Listen as Brian & Lyman begin a six-part series on the history of enslaved migration in the United States. Today, we discuss the shift in forced labor from indentured servitude to the trans-Atlantic system of chattel slavery that would divide America for many years to come.
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L: You’re listening to the Episode 4 of Migration Nation with Lyman Stone and Brian Hudson, a Podcast about the history of migration in America. I’m an an economist and Brian’s a social studies teacher. For this and the next 5 episodes, we’re going to take a look at one of the more troubling parts of American migration history, exploring the history of slavery and migration.
B: For reference, that means we will be talking about enslaved migration on the Podcast until sometime into June. So buckle up. We will be trying to make these episodes weekly for the duration of this enslaved migration topic, so you’ll be hearing more from us for the near future.
L: We’re going to spend so much time on this topic because the question of slavery, and especially its westward expansion, would first divide, then define, and ultimately dominate national politics before the Civil War. And the aftermath of slavery, and of the migrations of enslaved people, continues to reverberate to this day.
B: Plus, enslaved migration is almost certainly the most frequently ignored component of the American migration narrative. Free people going west are chronicled and celebrated throughout American history. But the enslaved people who, you know, did the actual work settling the American south? Those pioneers-in-chains get ignored.
L: But for today, we’re actually going to look at the history of American slavery from its introduction, to the first wave of emancipation. So we won’t even get to much westward migration in this episode. We have to take a step back in time first.
L: So generally speaking, this series is focused on migration after the Revolutionary War. But today we’re going to break that temporal boundary to talk about slavery because, to understand the linkages between slavery and migration, you really have to go back to at least the early 1700s.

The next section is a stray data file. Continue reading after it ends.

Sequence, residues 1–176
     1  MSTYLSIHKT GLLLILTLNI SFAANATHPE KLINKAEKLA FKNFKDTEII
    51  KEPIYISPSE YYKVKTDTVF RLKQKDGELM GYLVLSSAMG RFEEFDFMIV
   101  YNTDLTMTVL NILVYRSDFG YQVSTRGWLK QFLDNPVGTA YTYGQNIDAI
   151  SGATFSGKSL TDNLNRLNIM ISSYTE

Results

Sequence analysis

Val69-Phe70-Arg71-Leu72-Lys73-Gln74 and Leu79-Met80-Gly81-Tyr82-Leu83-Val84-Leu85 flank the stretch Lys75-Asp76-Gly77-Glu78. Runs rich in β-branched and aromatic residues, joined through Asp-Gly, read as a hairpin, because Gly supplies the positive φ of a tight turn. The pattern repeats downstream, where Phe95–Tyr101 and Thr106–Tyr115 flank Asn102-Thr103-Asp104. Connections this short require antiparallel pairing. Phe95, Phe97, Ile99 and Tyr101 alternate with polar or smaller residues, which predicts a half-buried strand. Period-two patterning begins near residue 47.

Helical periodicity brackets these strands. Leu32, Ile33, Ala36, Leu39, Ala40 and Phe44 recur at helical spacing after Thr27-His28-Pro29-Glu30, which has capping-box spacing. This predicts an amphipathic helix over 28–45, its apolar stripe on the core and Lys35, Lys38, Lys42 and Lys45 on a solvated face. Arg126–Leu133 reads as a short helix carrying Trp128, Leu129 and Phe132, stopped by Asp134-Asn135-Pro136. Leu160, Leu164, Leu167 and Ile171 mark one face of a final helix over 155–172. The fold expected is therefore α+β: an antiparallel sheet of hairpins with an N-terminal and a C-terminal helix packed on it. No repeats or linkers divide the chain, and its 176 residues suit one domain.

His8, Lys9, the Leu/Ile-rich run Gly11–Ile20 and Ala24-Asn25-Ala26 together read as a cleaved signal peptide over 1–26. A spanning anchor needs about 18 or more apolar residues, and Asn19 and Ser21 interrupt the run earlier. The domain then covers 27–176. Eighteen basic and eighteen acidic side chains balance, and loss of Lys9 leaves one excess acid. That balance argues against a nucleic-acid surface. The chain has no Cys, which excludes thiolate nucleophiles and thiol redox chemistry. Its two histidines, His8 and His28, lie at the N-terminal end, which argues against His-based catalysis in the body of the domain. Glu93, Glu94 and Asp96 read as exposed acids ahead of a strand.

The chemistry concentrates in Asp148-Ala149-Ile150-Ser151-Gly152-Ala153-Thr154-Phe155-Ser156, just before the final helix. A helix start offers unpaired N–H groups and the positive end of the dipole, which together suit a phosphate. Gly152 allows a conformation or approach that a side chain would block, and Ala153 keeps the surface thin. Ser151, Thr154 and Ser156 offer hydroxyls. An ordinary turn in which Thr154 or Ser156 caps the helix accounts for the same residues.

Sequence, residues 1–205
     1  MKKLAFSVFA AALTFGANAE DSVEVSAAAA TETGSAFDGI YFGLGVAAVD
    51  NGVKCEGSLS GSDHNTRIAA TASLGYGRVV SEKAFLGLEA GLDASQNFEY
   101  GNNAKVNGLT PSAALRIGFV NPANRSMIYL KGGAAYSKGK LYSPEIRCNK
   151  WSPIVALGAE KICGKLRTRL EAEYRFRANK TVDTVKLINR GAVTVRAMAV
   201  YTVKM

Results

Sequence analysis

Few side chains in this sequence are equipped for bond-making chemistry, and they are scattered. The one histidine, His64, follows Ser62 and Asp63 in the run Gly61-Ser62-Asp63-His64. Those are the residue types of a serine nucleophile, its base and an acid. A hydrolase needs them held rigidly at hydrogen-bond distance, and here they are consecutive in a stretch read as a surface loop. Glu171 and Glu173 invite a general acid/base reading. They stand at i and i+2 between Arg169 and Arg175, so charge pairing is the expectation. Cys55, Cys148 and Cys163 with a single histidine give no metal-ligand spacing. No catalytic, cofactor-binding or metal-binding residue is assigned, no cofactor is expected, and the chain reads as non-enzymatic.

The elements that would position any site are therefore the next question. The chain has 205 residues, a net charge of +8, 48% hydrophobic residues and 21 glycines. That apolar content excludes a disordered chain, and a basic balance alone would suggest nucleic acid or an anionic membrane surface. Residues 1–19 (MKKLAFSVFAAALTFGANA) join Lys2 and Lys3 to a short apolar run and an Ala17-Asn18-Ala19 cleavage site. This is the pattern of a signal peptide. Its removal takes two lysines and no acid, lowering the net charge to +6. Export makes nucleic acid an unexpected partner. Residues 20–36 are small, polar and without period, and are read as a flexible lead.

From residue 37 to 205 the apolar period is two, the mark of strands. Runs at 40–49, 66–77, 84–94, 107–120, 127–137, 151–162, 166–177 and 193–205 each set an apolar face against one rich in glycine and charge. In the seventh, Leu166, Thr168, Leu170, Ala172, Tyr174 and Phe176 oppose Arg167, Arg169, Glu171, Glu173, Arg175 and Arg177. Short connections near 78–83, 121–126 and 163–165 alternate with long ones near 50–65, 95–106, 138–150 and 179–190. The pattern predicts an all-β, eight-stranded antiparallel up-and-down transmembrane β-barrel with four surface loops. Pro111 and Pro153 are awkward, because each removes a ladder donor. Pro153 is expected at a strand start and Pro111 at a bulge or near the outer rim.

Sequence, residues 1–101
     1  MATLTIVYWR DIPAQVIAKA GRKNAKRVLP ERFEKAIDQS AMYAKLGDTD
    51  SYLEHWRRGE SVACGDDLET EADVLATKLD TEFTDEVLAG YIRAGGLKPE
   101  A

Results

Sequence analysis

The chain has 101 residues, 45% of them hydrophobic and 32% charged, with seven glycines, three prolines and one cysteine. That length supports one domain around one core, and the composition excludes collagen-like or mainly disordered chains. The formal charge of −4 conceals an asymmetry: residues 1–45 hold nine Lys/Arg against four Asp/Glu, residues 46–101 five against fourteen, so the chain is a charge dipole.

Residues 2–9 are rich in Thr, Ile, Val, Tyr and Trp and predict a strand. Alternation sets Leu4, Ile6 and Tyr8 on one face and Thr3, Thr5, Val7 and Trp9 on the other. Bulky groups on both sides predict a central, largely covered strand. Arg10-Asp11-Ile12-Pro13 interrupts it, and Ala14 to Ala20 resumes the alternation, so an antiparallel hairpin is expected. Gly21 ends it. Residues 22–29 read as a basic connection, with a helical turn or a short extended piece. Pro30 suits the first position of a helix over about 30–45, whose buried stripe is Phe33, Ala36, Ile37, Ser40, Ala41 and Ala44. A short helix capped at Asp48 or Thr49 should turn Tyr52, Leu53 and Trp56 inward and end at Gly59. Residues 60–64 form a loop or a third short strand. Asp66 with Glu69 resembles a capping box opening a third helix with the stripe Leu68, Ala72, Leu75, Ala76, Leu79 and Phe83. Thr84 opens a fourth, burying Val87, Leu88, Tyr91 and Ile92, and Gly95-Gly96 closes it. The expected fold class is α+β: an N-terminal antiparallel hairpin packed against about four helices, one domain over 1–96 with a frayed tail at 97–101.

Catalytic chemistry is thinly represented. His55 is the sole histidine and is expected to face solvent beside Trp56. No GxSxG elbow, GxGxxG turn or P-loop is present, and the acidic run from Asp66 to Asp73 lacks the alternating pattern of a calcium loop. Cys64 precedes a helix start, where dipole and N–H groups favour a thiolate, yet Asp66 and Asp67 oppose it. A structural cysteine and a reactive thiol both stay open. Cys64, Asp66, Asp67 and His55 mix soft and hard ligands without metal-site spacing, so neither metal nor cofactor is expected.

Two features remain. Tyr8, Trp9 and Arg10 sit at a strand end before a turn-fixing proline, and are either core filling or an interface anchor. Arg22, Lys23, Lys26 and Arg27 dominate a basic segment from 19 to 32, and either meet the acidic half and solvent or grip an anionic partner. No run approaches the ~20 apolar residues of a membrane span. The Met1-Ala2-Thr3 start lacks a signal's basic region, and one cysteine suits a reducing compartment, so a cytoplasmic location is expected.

B: That’s because the first American slaves were at Jamestown, right?
L: The first enslaved people in the British colonies maybe, but not the first in our country’s territory. The distinction of “first European slaveholders in the future United States” actually goes to the Spanish. The very first slaves of Europeans were enslaved in Spanish Floridian outposts, and there were even some black slaves on Hernando de Soto’s explorations in the 1540s.
B: So American slavery is not just older than the United States--
L: It’s older than any currently existing settlement, town, or political entity in the United States. There is literally no institution in the United States with an earlier established pedigree than slavery.
B: I can already tell this is going to be a tough episode.
L: Yeah. Not quite as fun as our bourbon adventures of the last 3 episodes.
B: Honestly, listeners might benefit from laying out some terms we’ll use. For example, we’ll usually try to say “enslaved people” instead of “slaves” because, well, they’re people, and enslavement is what happens to them.
L: Right. And, as a trade economist by training, I’m not going to refer to “importing” or “exporting” slaves. I do import/export analysis all day every day; you don’t trade people. Instead, we’ll call these flows forced or coerced immigration or emigration. But the question is, where should we begin the story?
B: Noooot Columbus. I mean, we could start with Columbus. In a sense we should start with Columbus. It’d kinda make sense to give a really thorough account of how quickly and brutally the Spanish conquistadores normalized enslavement. But that’s probably beyond the scope of our show.
L: I mean isn’t the basic summary that the Spanish and Portuguese enslaved lots of natives through a system theoretically intended to drive conversion to Catholicism, but ultimately just worked the natives to death, so started forcing the immigration of kidnapped Africans?